It's Not About the Ad

August 19, 2005

By: Lynn M. Paltrow and Terry McGovern, August 19, 2005

From The New York Times to Fox News Channel, the National Abortion and Reproductive Rights Action League (NARAL) has been roundly criticized for running a television ad that portrayed U.S. Supreme Court nominee John Roberts as supporting violence at abortion clinics. In response to the outcry, NARAL withdrew the ad. But instead of debating the wisdom of one group’s TV ads, we need to go back to basics.

It is only by listening to, supporting and organizing a true grassroots base that we will be able to build an electorate that will ultimately protect not just Roe v. Wade, but the humanity and dignity of all pregnant women and mothers.

Roe v. Wade and the right to choose to have an abortion are in jeopardy because anti-abortion and conservative forces have spent the last 30 years working at the grassroots level. They have built arguments that appealed to their base and have mobilized that base to elect a president and Congress that could appoint justices opposed not only to Roe, but to civil liberties, environmental protections and workers rights.

Mainstream pro-choice groups, on the other hand, have failed to build a truly grassroots base and to develop messages and strategies that will ensure that nominees to the Supreme Court are committed to protecting the health and lives of pregnant women, mothers and their families.

Twenty years ago, NARAL collected letters from people across the country describing why they or someone they knew had chosen to have an abortion. Not one of the people who wrote said they or a loved one had had an abortion because they had a “right” to do so, or because it was their “choice.” Instead, each of the writers talked about fundamental family and religious values and their profound sense of responsibility. One woman wrote:

When I found out I was pregnant, I had my two boys to care for, and Norma, a baby girl. I already had all that I could handle, because my third child, our daughter, was a spina bifida baby, and I had made a promise to myself, when she was born with this condition, that I would take care of her...

Another explained her decision saying, “I was a Christian then, as I am now, and constant prayer asking for guidance through peace is how I was able to feel that God guided me toward that decision, also.” Men also wrote powerful and supportive letters about beloved sisters, mothers, wives and daughters who had had abortions.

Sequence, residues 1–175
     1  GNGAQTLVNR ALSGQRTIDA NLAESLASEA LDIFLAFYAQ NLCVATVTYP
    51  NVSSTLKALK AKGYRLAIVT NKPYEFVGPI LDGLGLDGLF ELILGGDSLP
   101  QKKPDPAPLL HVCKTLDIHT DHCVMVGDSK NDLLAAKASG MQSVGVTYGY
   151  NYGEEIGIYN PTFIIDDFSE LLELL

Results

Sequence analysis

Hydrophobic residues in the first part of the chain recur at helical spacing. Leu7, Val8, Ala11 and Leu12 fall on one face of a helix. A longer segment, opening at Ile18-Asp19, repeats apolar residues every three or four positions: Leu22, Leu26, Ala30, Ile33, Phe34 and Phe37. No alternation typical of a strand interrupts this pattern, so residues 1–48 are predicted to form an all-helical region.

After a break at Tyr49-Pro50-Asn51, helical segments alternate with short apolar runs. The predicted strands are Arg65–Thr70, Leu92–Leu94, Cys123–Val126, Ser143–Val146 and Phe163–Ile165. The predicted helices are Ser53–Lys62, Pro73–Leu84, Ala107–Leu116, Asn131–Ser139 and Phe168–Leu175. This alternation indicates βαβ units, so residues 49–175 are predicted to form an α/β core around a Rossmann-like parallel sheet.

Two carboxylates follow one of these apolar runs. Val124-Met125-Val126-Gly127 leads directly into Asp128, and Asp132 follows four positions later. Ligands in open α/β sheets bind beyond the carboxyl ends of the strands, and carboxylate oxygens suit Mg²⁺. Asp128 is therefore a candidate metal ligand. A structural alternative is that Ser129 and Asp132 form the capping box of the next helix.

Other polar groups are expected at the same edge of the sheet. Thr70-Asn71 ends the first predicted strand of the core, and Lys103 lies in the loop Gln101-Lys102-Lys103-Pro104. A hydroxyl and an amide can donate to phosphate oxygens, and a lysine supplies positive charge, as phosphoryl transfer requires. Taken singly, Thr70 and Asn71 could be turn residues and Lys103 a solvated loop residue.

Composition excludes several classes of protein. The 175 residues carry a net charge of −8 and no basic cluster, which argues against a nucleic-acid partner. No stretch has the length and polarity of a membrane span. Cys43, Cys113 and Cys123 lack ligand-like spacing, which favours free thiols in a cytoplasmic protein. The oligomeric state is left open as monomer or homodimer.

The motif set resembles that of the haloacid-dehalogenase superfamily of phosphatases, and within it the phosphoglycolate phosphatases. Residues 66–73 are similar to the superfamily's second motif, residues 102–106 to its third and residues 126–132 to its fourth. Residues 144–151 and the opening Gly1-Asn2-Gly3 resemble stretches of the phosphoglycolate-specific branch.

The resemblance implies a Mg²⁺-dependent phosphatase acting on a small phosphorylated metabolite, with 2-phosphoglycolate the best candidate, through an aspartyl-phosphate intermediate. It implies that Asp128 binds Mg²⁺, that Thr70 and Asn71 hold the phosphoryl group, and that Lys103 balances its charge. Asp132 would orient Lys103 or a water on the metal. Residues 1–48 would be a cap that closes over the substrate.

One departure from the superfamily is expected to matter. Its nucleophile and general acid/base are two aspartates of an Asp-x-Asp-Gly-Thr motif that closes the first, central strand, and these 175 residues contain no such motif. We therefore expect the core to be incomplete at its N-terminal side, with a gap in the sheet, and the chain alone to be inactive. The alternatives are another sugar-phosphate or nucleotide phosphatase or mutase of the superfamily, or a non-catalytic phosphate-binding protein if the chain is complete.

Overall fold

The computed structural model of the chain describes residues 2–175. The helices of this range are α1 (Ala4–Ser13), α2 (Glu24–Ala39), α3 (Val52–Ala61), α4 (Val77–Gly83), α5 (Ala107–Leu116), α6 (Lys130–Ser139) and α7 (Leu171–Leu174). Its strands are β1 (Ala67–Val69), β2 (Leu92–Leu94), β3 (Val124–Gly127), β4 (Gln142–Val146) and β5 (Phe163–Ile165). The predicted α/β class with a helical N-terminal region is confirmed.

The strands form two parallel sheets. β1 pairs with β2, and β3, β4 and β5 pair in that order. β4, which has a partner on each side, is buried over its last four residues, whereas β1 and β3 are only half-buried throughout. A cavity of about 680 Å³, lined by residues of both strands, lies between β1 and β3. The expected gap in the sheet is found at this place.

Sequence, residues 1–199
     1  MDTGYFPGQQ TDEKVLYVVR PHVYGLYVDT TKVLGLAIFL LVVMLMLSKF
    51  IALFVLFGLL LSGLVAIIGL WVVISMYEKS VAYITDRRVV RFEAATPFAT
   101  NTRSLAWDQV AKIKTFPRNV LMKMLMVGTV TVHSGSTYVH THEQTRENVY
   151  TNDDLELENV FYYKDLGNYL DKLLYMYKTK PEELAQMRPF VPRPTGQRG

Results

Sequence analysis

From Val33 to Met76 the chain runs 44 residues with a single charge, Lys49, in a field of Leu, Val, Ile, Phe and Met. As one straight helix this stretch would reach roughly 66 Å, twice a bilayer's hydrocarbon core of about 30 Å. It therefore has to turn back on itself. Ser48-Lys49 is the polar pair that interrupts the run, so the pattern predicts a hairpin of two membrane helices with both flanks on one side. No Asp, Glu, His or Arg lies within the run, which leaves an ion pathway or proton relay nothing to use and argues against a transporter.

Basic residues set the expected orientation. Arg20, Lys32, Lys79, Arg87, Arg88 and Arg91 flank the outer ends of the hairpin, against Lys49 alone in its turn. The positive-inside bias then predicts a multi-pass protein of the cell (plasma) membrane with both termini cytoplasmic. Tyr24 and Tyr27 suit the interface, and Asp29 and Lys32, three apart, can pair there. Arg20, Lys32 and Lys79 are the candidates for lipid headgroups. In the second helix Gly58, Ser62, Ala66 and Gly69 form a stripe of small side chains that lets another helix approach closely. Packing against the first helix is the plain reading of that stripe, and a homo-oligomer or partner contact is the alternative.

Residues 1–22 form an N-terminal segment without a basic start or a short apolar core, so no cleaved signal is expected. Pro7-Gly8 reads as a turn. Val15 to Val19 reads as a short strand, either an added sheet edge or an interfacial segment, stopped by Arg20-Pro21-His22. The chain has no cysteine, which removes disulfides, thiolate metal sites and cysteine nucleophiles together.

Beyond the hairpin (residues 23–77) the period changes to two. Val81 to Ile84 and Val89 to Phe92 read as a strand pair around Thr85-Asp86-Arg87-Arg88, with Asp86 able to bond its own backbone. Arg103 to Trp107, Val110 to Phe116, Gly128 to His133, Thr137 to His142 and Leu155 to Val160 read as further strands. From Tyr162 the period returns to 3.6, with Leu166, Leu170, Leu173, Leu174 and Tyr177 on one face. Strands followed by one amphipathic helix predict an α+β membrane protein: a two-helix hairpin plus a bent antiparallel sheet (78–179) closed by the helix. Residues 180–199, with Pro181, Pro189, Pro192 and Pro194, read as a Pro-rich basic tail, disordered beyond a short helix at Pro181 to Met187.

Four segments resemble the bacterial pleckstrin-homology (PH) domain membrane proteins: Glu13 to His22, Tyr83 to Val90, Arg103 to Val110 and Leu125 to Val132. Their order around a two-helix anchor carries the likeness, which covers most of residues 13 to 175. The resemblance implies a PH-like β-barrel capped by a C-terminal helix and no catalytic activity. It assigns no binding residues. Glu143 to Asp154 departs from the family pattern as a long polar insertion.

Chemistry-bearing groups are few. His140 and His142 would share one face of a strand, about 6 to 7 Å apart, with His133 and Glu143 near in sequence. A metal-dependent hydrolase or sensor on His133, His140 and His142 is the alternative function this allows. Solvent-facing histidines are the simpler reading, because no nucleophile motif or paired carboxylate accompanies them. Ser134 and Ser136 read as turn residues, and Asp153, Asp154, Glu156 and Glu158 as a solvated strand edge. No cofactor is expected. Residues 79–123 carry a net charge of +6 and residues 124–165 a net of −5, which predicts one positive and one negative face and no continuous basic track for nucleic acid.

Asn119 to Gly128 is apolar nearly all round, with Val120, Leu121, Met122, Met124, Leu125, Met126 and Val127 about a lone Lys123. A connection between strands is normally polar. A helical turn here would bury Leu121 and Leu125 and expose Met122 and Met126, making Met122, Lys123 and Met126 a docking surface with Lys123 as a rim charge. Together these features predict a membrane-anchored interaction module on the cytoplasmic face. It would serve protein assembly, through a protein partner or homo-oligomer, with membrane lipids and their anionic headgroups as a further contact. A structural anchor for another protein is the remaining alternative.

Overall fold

As these letters made clear, family values and even love are at the heart of the abortion decision. Our messages and ads need to convey those values. We also need to invest in long-term campaigns that extend beyond the Washington Beltway and that build on that fact that abortion is just one small part of a woman’s long reproductive and family life. Listening to and building our base will enable us to stop anti-abortion Supreme Court nominees as well as the anti-abortion legislation that is so clearly being used to distract attention from the real threats to America’s families.

By committing resources to the local level, we can learn about these threats and build new, larger and more powerful advocacy alliances. For example, there is a lot to be learned from the local administrator of a Healthy Start program who must beg for money each year to provide basic prenatal care for low-income, rural women. There are potential allies among the thousands of pregnant women who have had previous Cesarean sections and are being told that, for hospital convenience, they may not deliver vaginally and must again undergo Cesarean sections whether they need them or not. There are also many allies among the thousands of women who suffer stillbirths and miscarriages each year and find that nothing in their health care systems prepared them for this loss, nor provided them with the support they needed.

Many local women’s health advocates don’t identify as “pro-choice,” but they are fed up with legislators so obsessed with ending access to abortion that those legislators ignore critical women’s health issues—including treatment for breast cancer, cervical cancer and heart disease.

The reality is that most women who have abortions are already or will someday become mothers. Whether pro- or anti-choice, these mothers are united by the fact that America is one of only three industrialized nations in the world that does not require any paid maternity leave; that it is a country that leaves millions of pregnant women unprotected from workplace discrimination, and that leaves 43 million Americans—including eight and a half million children—without health care coverage.

Women in both red and blue states are hurt by policies that claim to value a culture of life, but, in fact, fail to value the lives and health of the women who give that life. A long-term campaign that is based in the real-life experiences of women (not just abortion), and that supports women’s local health activism—rather than any ad campaign focused on the Supreme Court—is what we need to protect the lives and health of pregnant women and mothers.

Lynn M. Paltrow is executive director of National Advocates for Pregnant Women. Terry McGovern is director of the Women's Health and Human Rights Advocacy Initiative at Columbia University.